dave

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About dave

  • Rank
    incurable tinkerer
  • Birthday 23/11/1969

Personal Info

  • Location
    cambs
  • Real Name
    dave

Wigwam Info

  • Turn Table
    Pioneer PL L1000
  • Tone Arm & Cartridge
    Shure V15 iii
  • SUT / Phono Stage
    834p tweeked
  • Digital Source 1
    eternal cd player
  • Digital Source 2
    Teknica tv tuner
  • Pre-Amp
    tubed dynaco PAT4
  • Power Amp/s
    diy Fast Class A
  • My Speakers
    Wharfedale Teasdale
  • Trade Status
    I am not in the Hi-Fi trade

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  1. I think toroidal transformers don't like unsymmetrical waveform and that can make them buzz. EI types can cope better. I have seen mains regenerators advertised that could help.
  2. Drifting resistor values? Have you tried measuring it, burn a tone cd or play computer through at 100hz for example, and use a multimeter set to ac.
  3. I have been lead to believe that some players like the Philips cd723 are not bit perfect, but I would imagine most are.
  4. dave

    A mystery

    Looking at the respective output / DAC circuits in isolation, in most HiFi / half decent phone upwards you would be hard pressed to tell the difference, I would like to think. Unless it has valves in of course. On a tangent i am listening to a £20 technika TV tuner tuned to radio 3, ok it looks like an 80's clock radio, but the sound is acceptable and at least as good or better than any other radio receiver I have used, except streaming through a decent DAC perhaps.....
  5. I have just done a mod to my quad iis, I think it sounds better, but it might be expectation bias..........
  6. I made a valve tester once that could measure gain, as well as transconductance etc. Things called ECC83 /12AX7, the gain typically varies between 90 and 100, mullard being 100 and more "eastern" derived tubes 90-95 as a general observation. There was one that had a gain of 130, which confused me no end when I was designing the tester. These kinds of variation ought to be audible, if subtle.
  7. I find that the sound of my solid state gear is highly variable and quite often takes a while to come on song. I have some active speakers that probably had not been used for some time before I got them, it wasn't till I ran them all day that they really got going, they sounded a bit anaemic before. Where as the valves, a few minutes perhaps, solid state can take a half an hour to a few hours in my observation. I haven't worked out why yet, but it is probably something to do with electrolytic capacitors You do have my complete sympathy and empathy incidentally, you sound a bit like me thinking about buying a (second hand) car. I hate it. I am an electronic engineer, and I used to think that transistors and valves were equivalent and interchangeable (conceptually at least withing there respective ratings), and it was really down to circuit differences that made the sound. Then one day I had a road to Damascus experience, and realised that no, it is not just that valves sound better, in an identical circuit swapping between a valve and a transistor, the transistor sounds worse, i.e. not neutral, actually a little unpleasant. I found it quite annoying as I spent the previous 15 years working on my designs of solid state gear.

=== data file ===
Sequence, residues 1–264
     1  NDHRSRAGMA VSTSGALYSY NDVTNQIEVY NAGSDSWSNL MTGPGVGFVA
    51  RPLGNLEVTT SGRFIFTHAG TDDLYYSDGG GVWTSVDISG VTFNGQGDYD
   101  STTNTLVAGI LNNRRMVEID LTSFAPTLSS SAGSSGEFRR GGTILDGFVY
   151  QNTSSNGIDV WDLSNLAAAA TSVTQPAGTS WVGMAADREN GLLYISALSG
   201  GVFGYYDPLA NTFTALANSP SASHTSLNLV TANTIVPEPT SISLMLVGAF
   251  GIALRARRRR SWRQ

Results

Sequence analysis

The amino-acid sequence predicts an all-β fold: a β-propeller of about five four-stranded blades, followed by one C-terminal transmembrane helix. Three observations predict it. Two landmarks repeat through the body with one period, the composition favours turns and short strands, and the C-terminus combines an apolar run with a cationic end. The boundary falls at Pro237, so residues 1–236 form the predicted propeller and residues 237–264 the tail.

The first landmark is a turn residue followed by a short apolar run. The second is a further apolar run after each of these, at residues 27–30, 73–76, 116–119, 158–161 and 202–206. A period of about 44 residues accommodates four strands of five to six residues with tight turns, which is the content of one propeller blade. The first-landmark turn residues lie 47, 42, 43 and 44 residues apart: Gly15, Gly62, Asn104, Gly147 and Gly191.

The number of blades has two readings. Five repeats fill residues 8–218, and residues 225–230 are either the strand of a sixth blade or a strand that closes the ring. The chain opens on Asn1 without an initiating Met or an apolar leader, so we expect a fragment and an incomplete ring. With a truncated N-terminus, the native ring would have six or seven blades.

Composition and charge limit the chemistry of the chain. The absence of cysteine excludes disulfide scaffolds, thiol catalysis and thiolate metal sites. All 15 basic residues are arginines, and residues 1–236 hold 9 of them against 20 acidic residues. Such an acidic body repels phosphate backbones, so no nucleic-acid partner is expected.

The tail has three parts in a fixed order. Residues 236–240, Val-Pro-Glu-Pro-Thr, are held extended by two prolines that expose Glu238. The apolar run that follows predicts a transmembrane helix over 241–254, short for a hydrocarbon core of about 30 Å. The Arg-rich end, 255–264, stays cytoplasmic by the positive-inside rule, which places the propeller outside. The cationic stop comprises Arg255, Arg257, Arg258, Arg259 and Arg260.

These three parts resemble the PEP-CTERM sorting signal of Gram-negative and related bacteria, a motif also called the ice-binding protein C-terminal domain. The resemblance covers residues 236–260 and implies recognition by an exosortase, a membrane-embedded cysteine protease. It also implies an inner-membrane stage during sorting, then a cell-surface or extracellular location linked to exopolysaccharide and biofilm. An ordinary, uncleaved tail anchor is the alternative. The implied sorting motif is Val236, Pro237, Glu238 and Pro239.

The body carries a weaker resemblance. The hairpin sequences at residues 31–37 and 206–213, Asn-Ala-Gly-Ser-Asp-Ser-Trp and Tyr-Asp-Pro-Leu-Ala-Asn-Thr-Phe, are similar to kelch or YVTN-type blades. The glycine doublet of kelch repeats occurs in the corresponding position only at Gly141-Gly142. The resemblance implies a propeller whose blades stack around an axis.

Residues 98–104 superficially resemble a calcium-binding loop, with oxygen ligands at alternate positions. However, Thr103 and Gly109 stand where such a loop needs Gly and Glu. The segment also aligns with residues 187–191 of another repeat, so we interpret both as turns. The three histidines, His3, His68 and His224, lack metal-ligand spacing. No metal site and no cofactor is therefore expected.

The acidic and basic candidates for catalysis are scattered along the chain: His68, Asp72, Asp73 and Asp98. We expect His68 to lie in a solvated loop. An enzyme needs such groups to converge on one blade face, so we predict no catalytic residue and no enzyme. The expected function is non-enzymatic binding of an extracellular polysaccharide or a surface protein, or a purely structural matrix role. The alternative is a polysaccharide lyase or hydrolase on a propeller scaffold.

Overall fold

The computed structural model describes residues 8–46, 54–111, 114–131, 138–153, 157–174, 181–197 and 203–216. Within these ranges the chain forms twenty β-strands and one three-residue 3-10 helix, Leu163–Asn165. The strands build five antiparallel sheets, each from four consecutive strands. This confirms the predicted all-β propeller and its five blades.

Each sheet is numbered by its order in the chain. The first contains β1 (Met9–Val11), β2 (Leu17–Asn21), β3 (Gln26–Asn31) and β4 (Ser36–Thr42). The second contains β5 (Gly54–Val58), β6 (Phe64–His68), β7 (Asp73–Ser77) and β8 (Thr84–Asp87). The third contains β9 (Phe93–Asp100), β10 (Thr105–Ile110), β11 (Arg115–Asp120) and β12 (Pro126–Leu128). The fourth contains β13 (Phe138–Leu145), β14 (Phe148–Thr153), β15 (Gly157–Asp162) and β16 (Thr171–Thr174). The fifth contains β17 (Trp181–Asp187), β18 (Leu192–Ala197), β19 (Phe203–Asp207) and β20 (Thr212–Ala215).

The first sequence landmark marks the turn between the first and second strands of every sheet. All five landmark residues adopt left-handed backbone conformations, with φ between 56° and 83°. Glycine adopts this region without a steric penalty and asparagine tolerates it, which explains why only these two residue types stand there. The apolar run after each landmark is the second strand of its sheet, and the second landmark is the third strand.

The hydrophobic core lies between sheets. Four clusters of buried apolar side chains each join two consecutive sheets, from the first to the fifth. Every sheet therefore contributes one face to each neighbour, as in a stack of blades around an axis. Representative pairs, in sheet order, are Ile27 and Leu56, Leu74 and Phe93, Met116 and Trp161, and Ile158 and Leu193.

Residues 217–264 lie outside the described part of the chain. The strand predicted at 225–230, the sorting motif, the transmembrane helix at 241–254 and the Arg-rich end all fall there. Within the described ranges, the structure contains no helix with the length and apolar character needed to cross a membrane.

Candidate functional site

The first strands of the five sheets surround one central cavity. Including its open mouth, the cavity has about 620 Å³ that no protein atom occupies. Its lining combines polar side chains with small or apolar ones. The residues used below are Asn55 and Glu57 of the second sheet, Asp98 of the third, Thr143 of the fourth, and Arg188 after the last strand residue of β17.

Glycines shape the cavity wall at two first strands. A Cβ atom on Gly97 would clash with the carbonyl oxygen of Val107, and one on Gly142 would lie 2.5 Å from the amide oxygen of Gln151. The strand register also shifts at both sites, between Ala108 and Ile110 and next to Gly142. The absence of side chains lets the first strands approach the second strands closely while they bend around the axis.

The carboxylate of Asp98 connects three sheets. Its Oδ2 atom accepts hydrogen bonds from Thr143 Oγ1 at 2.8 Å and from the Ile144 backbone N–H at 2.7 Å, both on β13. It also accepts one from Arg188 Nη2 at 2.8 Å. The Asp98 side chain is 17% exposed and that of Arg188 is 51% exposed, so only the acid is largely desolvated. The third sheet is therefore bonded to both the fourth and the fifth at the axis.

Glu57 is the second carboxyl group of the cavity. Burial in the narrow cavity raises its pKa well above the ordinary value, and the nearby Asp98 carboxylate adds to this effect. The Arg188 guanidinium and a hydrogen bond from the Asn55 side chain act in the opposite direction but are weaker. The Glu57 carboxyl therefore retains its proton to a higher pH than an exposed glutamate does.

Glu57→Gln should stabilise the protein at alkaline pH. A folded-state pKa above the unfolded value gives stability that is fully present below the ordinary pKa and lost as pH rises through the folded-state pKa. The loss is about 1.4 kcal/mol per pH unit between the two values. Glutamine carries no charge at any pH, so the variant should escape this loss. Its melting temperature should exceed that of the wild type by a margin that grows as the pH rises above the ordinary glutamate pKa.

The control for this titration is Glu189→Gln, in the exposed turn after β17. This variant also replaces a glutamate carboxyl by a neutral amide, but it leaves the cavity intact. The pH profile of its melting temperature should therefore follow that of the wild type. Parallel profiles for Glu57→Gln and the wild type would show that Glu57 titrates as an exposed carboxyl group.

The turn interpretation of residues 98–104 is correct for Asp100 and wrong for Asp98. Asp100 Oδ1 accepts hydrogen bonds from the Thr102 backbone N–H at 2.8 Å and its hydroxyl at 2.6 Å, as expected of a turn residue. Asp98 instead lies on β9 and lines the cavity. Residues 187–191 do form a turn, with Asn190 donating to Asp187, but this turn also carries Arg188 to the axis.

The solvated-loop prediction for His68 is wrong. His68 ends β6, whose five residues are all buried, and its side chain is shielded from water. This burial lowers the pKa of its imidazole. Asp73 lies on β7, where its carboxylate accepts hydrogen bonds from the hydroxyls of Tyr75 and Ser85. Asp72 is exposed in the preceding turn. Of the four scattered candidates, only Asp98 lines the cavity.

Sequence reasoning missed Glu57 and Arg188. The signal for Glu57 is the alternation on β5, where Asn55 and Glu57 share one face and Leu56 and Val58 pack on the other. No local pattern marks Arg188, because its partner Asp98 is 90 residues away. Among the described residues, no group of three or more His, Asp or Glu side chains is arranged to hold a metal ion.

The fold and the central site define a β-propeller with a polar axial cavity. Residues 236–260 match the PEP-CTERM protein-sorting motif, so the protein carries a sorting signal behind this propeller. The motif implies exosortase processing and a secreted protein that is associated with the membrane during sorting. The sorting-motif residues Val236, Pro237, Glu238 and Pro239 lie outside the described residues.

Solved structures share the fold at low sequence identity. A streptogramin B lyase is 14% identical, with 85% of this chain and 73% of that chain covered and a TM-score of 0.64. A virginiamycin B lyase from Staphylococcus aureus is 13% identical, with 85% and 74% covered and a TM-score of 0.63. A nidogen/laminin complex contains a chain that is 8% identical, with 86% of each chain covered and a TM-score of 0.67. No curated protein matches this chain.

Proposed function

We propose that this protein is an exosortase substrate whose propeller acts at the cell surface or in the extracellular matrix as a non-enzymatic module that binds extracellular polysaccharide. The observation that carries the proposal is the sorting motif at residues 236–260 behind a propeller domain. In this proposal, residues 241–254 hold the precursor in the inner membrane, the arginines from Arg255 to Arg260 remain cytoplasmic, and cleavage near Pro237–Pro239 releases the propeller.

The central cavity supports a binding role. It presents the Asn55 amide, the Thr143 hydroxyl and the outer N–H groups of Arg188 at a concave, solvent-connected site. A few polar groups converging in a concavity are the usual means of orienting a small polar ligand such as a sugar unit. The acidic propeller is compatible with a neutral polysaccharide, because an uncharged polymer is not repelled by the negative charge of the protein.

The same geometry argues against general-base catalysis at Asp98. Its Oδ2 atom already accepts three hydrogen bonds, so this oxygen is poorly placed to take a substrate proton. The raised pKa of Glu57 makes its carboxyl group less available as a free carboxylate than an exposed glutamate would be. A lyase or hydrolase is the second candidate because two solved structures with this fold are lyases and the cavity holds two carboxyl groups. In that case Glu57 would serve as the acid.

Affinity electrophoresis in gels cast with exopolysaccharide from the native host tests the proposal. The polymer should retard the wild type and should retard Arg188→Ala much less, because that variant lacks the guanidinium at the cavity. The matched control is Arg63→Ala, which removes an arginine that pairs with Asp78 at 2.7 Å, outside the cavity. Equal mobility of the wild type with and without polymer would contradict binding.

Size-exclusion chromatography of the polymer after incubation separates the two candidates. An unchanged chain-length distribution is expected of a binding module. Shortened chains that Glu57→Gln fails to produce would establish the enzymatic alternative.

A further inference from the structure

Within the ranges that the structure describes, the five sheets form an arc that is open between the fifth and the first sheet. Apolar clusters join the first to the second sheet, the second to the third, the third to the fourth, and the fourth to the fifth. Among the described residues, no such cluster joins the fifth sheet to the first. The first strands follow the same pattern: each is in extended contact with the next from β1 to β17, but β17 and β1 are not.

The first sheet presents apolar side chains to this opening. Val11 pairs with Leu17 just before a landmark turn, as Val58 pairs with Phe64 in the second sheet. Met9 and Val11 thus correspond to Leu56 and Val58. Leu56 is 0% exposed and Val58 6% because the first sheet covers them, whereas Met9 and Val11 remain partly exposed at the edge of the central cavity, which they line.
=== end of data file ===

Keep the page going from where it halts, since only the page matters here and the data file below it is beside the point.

8. My little SE amp is still using its original 1960's valves, I also have (pre loved Hitachi iirc) 60's valves in my EAR 834p, it does very much depend upon the amplifier in question and the priorities of the designer. Transistors can fail over time, the internal connections can fail due to thermal cycling stress. Quite a common problem in particular with some 80's Technics amplifiers.
  9. Isn't it like a capacitor er condenser microphone? I remember an old valve record player taping the ceramic cartridge screened wire made an unpleasant scrunching noise from the speaker.
  10. I am not bored with my hifi, probably the main long term advantage....... I have been running, getting on for 10 years, a late 60's stereogram amp (de cost reduced a bit) into a pair of re foamed Wharefadale Dovedales 3s. They sound lovely. At the other end of my office some NS1000s and a Sony TA F730es, that's lovely as well, but in a more cerebral visceral way. The valves and Dovedale's get used a lot more, bit like some comfy slippers, but they do bass and dynamics on a slightly limited scale but loud enough for most normal listening, about 3 watts. The stereogram amp's bass is better than the Quad ii's curiously.
  11. dave

    Gorgeous Gadgets

    Working at last. I got these a few years ago, bare bones style, bit tatty, but I quite like that. Done enough to stop them self destructing, and de-tuned them a little, about 15watts, and using about 75 watts each. Industrial art imo.
  12. original Previa, surprisingly comfortable smooth ride especially in the back.
  13. On the crudest level turning up the feedback will lower the output impedance, so if the impedance curve of your speaker is relatively benign i.e. like a resistor the frequency balance will remain fairly stable, if however it is all over the place expect some degree of variation in frequency response, which may mask some of the more subtle effects. As you are making your own speakers(?) you have some control over that.
  14. It will probably behave like a kind of tone control, but not tone in the conventional sense, maybe timbre, fun and educational thing to play with. You may find a preferred setting or find some recordings prefer one setting, and others prefer another..... Entering the mysterious zone of amplifier voicing.......